“Why is it that everybody is so eager to use military force?” Obama recently and plaintively asked about Ukraine. In reality, nobody is. What actual earthlings are eager for is sending military assistance to Ukraine’s woefully equipped forces.
That’s what the interim prime minister asked for when he visited here in March — and was denied. Two months later, military assistance was the first thing Petro Poroshenko, Ukraine’s newly elected president, said he wanted from the United States. Note: not boots on the ground.
Same for Syria. It was Obama, not his critics, who went to the brink of a military strike over the use of chemical weapons. From which he then flinched. Critics have been begging Obama to help train and equip the outmanned and outgunned rebels — a policy to which he now intimates he might finally be coming around.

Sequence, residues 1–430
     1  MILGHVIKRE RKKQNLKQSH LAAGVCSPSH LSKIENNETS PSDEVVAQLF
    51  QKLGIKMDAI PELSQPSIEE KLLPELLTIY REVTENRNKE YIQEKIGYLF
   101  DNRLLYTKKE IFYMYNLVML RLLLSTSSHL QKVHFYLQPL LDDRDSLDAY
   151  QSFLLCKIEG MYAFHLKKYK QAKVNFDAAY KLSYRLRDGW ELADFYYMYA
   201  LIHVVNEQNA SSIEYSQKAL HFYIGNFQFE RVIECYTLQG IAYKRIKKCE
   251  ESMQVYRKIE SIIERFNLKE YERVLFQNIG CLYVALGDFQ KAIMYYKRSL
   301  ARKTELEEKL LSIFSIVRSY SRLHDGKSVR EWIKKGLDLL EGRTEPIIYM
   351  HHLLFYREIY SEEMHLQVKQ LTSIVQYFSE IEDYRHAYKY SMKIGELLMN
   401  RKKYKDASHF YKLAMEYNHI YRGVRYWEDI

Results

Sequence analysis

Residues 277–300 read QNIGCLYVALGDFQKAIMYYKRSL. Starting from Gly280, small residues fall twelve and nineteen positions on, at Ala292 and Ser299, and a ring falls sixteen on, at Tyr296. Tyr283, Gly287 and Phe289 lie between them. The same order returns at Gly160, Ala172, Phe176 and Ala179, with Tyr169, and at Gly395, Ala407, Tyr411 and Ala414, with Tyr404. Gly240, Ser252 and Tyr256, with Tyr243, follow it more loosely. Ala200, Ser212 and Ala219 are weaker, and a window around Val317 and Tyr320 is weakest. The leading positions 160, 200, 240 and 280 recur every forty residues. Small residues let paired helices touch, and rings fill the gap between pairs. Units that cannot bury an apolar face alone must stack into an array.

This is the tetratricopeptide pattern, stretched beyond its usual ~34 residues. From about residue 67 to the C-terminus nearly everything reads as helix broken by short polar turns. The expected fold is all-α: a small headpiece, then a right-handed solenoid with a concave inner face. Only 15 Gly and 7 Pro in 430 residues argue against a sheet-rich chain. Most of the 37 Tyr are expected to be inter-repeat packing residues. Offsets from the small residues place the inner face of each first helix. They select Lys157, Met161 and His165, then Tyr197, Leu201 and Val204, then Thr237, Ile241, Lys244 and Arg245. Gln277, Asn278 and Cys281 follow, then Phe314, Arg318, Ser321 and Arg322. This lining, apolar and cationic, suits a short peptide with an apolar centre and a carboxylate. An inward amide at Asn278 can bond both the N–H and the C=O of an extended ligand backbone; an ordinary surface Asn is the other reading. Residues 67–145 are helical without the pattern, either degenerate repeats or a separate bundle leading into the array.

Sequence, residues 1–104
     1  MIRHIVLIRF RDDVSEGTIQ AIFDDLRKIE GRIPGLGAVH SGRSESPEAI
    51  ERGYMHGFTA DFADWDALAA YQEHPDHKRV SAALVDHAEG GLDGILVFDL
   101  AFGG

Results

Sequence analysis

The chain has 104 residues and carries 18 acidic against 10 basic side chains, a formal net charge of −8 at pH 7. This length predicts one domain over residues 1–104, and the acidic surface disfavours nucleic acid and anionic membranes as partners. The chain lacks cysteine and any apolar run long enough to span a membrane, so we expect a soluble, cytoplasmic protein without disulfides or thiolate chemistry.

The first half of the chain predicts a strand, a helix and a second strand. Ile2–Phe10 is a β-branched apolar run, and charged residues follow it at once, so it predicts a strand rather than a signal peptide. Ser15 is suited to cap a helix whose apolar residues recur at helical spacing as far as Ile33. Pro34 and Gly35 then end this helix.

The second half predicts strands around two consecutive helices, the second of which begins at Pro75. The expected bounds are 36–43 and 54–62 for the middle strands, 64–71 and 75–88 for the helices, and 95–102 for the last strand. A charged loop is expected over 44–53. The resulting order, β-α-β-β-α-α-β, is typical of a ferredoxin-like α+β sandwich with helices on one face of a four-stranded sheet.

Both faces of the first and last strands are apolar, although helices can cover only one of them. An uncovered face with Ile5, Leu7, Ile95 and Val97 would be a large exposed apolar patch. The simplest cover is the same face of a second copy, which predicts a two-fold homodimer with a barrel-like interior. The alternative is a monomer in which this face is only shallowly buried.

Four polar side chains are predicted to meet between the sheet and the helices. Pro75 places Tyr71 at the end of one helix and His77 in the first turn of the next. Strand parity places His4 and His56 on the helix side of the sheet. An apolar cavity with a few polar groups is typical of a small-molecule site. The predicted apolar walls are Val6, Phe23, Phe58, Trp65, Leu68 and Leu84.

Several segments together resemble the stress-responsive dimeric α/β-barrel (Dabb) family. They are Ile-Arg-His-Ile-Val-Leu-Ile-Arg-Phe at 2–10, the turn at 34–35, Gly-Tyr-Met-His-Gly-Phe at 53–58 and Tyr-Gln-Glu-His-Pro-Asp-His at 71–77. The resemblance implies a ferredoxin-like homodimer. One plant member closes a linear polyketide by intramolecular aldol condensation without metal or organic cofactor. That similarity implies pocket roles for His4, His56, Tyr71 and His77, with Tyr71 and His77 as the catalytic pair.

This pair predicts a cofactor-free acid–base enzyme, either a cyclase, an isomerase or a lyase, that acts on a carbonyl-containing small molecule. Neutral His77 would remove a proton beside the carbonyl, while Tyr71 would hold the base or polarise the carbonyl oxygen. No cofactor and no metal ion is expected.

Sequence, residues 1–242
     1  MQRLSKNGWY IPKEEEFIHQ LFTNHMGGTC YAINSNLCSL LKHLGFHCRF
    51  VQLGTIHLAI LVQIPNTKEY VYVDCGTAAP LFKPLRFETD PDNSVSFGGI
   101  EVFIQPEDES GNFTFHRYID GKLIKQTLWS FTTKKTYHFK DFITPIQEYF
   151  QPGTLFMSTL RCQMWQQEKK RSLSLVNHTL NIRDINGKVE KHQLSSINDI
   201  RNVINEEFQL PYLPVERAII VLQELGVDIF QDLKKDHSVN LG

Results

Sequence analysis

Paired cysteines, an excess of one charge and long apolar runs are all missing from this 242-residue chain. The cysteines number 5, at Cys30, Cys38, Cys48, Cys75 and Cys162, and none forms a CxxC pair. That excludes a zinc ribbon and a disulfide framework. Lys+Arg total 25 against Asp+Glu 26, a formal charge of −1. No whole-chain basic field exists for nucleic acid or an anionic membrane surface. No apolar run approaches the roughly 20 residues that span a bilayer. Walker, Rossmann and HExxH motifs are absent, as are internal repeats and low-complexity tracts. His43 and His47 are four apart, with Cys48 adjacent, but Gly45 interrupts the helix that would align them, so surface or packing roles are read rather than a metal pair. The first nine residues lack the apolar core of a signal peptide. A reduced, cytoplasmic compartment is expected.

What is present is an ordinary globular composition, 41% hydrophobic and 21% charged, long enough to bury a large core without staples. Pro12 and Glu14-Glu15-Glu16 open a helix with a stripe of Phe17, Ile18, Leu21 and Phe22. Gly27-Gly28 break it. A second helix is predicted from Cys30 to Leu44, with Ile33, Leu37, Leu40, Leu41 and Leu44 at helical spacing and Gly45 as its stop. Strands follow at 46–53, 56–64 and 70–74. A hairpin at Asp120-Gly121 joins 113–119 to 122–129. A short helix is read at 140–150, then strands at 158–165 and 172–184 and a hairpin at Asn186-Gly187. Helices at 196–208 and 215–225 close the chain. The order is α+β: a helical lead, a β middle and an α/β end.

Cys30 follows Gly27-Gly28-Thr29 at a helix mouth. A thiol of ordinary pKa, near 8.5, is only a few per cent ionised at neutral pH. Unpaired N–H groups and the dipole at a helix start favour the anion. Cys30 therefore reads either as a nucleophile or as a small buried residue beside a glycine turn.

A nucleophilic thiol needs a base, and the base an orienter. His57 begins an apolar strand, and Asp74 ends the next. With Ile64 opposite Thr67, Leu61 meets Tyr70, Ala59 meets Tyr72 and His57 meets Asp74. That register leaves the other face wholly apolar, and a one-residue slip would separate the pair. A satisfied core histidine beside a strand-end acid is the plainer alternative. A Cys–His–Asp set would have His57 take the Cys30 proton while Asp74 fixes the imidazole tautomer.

Three years late. Qusair, Homs, and major suburbs of Damascus have already been retaken by the government. The battle has by now so decisively tilted toward Assad — backed by Russia, Iran, and Hezbollah, while Obama dithered — that Assad is holding triumphal presidential elections next week.
Amid all this, Obama seems unaware of how far his country has fallen.
Read the whole thing, of course.
After five-plus years of watching Professor Ditherton Wiggleroom’s endless Hamlet act, there’s but one safe conclusion to draw. It isn’t that he makes bad decisions — every president makes mistakes. It’s that he takes so long to come to a decision, and that decision is so often at odds with his previous pronouncements, that our allies have decided Wiggleroom isn’t to be trusted and our adversaries know he isn’t often to be feared. He’s good for a drone strike, and the occasional outburst of leading from behind, but about the only thing you can rely on is that chaos will follow in his wake.